The growing availability of open-source natural language processing (NLP) toolkits has made it easier for practitioners to build tools with sophisticated linguistic processing, and for researchers to make scientific discoveries on natural language understanding.
In this talk, I will introduce Stanza, our latest Python natural language processing toolkit supporting 66 human languages. Compared to existing widely used toolkits, Stanza features a language-agnostic fully neural pipeline for text analysis, including tokenization, multi-word token expansion, lemmatization, part-of-speech and morphological feature tagging, dependency parsing, and named entity recognition.
I will talk about Stanza’s neural architectural design, its simple user interface, and its improved performance against existing toolkits over a range of 112 datasets covering 66 languages. Next, I will talk about our recent efforts on extending Stanza’s language processing capabilities to the biomedical and clinical domains. With Stanza’s latest release, it now offers native support for accurate syntactic analysis and named entity recognition for biomedical literature text and clinical notes. I will introduce how these extensions are made and the performance of these models on standard biomedical NLP benchmarks.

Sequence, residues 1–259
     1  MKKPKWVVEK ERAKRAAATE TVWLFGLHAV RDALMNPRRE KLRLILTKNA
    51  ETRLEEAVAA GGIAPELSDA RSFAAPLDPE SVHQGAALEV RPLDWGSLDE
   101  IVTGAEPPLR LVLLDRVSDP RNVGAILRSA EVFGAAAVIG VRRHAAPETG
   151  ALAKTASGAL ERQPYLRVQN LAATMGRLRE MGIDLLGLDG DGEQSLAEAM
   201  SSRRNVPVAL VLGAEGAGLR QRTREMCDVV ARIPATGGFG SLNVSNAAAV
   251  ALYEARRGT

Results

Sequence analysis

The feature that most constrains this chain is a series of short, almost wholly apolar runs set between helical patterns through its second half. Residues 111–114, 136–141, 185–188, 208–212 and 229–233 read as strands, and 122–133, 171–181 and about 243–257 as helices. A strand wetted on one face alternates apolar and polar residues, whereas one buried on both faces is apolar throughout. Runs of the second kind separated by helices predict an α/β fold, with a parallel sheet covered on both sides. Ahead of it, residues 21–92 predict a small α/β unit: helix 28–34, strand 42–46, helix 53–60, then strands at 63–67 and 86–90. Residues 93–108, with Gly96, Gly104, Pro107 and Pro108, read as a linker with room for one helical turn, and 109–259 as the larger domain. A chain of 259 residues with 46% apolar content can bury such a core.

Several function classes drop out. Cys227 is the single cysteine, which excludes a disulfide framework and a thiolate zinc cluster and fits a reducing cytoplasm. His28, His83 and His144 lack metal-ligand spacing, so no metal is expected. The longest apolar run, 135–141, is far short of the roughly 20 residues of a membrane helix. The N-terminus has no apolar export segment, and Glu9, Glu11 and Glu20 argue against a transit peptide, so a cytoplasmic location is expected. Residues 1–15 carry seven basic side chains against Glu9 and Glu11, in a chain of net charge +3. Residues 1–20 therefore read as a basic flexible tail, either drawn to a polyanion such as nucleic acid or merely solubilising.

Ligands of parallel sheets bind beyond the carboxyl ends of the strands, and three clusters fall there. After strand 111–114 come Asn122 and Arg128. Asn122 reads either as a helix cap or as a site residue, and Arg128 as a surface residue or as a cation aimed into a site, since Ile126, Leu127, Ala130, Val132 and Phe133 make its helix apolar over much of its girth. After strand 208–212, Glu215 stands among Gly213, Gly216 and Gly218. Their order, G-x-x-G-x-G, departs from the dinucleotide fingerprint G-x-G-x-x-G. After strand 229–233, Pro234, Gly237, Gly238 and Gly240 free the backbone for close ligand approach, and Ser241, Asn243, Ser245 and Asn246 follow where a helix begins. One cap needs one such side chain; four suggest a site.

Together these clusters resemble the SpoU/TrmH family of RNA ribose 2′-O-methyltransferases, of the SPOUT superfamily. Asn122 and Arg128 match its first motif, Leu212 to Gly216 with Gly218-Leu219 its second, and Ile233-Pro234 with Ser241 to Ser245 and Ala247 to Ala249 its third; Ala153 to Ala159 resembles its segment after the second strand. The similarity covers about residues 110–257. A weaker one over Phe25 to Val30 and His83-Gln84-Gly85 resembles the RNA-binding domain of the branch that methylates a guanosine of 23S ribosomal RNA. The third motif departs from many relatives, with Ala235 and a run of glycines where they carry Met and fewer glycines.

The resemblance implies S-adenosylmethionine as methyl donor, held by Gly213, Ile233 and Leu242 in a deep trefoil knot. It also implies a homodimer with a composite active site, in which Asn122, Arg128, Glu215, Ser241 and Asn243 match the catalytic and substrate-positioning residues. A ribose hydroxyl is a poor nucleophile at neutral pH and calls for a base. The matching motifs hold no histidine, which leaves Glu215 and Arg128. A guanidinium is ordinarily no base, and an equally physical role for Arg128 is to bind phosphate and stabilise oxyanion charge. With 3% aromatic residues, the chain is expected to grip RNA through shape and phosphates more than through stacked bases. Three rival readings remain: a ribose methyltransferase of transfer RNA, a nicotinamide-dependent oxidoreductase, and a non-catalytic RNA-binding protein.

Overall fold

Lastly, I will talk about Stanza’s Python interface to the widely used Stanford CoreNLP library, which extends Stanza’s functionality to an even richer range of tasks. I will close my talk by talking about our future plans for the Stanza library.